I try to keep meat purchases to $2 per pound or less, and spend no more than $10 per week for meat no matter how much it cost per pound. At the moment have cube steak, sirloin steak, ham, chicken breasts, chicken tenderloins, turkey burger, cooked ground beef/gluten, leftover roast turkey, cooked pork sausage/gluten, small packets of ground roast beef for roast beef salad sandwiches, some sliced meat for sandwiches, cooked ground beef, small packets of shredded meat, a variety of breakfast meats..... Packets of meaty bones for soup/broth.

Tomato sauce: 1 part tomato powder to 4 parts water
Tomato paste: 1 part tomato powder to 3 parts water
Pizza sauce: 1 T. tomato powder + 3-4 T. water + little vinegar, sweetener (salt - optional) and Pizza or Italian Spices.

I don't store cans or jars of commercial tomato products, nor do I do home-canning anymore - it's not cost effective for me. I make everything from tomato powder, homegrown tomatoes in the freezer, or dehydrated homegrown tomatoes. I buy tomato powder in #10 cans, but I first bought a small jar from The Spice House to see if it would work (link below). I never seem to have enough tomatoes to make my own tomato powder.


I love the name "Planed\-Overs" and may have to borrow it for classes ;\-). 

I've been into home food storage (similar to what is taught by the LDS Church) for many years now. I only purchase food at rock\-bottom, stock\-up, prices; and the biggest benefit is that I almost never run out of anything. 


Here is a link that might be useful: [The Spice House \- tomato powder](http://www.thespicehouse.com/spices/tomato-powder)
    Bookmark   January 4, 2012 at 8:23PM
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GL...Planned-Overs is yours, lol. I bet you come up with some good handouts, too. I did a dehydrating class at our LDS church. I felt like I was preaching to the choir.

We got into the habit of stocking up when we were young poor, living in a cabin and had a 1/2 mile hike to the county road in the winter. Now we own a snowplow, can afford to buy good food but prefer to grow/preserve our own, and I still stock up when there's a sale. (My house will never be done, but that's another story.)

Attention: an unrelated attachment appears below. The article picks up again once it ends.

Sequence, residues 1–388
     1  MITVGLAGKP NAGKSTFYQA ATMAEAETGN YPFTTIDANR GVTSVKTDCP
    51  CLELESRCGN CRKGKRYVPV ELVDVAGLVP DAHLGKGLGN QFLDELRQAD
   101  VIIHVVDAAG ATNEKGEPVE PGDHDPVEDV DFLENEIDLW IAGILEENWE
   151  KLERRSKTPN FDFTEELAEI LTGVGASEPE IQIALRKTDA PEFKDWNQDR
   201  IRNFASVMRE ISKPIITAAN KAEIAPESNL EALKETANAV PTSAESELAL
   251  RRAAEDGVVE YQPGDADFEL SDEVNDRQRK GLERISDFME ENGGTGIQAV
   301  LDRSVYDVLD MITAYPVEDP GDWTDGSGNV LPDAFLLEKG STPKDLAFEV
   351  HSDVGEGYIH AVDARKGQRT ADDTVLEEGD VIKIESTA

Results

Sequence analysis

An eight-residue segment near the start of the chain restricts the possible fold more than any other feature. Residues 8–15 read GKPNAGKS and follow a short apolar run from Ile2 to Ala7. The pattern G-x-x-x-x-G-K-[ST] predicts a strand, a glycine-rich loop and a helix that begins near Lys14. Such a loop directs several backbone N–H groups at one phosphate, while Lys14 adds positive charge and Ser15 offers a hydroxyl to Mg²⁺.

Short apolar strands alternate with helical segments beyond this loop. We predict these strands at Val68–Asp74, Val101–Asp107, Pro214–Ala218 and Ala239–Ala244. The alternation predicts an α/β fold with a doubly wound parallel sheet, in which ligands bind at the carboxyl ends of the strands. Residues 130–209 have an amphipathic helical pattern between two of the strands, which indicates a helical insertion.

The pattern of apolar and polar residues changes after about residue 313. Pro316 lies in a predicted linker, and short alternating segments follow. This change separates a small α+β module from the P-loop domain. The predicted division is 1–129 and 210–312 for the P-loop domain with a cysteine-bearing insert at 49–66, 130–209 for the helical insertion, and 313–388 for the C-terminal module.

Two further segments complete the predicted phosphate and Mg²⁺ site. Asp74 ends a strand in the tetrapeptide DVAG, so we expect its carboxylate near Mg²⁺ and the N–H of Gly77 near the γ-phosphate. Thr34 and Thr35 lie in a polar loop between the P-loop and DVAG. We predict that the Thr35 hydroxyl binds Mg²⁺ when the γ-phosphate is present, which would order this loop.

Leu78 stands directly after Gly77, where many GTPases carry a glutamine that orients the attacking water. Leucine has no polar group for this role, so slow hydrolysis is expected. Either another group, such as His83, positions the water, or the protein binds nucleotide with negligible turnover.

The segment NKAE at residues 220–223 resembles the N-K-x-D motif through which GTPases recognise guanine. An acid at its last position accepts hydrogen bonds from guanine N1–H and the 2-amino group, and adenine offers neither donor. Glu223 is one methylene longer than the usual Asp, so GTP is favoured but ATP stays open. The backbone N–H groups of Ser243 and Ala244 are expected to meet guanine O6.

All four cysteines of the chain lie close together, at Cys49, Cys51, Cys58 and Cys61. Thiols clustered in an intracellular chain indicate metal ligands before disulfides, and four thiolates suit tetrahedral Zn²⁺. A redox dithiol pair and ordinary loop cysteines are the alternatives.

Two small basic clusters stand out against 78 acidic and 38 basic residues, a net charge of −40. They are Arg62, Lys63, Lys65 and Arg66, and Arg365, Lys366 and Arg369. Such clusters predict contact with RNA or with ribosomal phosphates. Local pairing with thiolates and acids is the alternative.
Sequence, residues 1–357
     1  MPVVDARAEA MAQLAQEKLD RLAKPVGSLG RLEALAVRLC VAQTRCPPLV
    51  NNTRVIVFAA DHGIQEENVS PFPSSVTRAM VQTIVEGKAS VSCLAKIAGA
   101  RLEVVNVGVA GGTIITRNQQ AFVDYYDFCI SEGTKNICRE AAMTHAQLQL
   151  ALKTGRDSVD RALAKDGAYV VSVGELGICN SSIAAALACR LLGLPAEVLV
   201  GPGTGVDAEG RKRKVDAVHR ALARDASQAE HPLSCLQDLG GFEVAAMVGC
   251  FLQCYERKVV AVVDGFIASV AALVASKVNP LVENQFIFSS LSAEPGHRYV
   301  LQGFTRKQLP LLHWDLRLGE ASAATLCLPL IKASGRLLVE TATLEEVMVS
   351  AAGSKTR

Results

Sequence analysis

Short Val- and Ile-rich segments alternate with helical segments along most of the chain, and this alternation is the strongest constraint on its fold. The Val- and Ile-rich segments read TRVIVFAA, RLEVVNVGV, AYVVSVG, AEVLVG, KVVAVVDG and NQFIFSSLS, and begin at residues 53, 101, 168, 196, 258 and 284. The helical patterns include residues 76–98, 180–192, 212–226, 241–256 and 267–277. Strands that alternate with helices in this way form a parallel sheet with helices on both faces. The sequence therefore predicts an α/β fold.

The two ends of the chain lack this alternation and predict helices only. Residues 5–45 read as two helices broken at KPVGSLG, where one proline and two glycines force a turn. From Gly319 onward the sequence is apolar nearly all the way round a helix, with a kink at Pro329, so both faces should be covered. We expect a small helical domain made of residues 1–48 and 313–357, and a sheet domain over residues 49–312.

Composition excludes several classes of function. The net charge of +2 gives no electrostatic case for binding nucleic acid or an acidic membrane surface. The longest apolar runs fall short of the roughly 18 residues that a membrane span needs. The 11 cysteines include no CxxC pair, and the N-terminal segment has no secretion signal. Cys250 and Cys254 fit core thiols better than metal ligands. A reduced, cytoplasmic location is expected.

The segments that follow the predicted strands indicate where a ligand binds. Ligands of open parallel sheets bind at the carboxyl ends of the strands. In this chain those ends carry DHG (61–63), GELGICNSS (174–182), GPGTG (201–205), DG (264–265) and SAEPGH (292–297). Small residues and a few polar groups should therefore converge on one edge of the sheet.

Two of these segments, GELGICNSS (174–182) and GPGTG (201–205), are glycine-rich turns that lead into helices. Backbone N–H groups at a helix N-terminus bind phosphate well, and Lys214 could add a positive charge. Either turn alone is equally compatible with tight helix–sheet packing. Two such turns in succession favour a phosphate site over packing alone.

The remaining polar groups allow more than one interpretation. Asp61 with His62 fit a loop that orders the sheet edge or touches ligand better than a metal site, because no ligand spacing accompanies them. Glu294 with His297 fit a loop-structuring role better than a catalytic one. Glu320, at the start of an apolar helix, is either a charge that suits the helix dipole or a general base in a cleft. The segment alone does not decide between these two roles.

I don't use my tomato powder fast enough, I guess...it seems to lose its color and flavor. I usually grind dried tomatoes in small amounts. This year I made paste and dried 1 tbsp. plops. Very handy.

Lars, I've taken corn chowder to work that was made from all dehydrated vegies. No one believed me.

    Bookmark   January 4, 2012 at 9:49PM
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I am a bit scatterbrained, I suppose. I'm sorry if it confused anyone. I have enjoyed your answers.

    Bookmark   January 4, 2012 at 10:46PM
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Too many to list. My latest was chicken stuffed shells though. I had cooked twice as many shells I needed for the amount of cheese I had and had no sausage or ground beef on hand either. Having just deboned pounds of chicken breasts i figured ....

    Bookmark   January 6, 2012 at 2:15PM
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Another improve... over holiday baking "season". The way my house is laid out, the kitchen is down-right CHILLY once temps drop... whole level on a big COLD cement slab. So when cookie recipe called for soft or room temp butter... lucky if it gets to 65 degrees... NOT very soft. After several attempts to perfect softening butter in microwave... NOT too successful, always half liquid no matter how close I watched, did an experiment. Took the 2 sticks of butter right from fridge (in wrappers), popped into zip bag, and into large container of room temp water... probably 70-ish. Then started gathering all the other ingredients... measuring/sifting dry stuff, measuring sugar into mixer bowl, cracking eggs, preheating oven, putting parchment paper on sheets. By the time I was done with those tasks, butter was nice and soft... just squeezed... squooze?... it outta the paper.

Chicken stuffed shells! Don't eat much prepared/frozen stuff... can be expensive and none really measures up to home made. BUT Stouffer's USED to make a chicken stuffed shell in cheese sauce that I LOVED!! BIG chunks of REAL white meat chicken... NOT that pseudo-chicken that's in most heat/eat things. Wish that was still around!

    Bookmark   January 6, 2012 at 3:15PM
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The best thing I came up with was when I was making a double batch of Monster Cookies. Instead of having 4 cups of oats I only had 2. So I used the 2 cups of oats and added 2 cups of Muesli cereal. They came out so good that's how I make them all the time now.

    Bookmark   February 10, 2012 at 12:00PM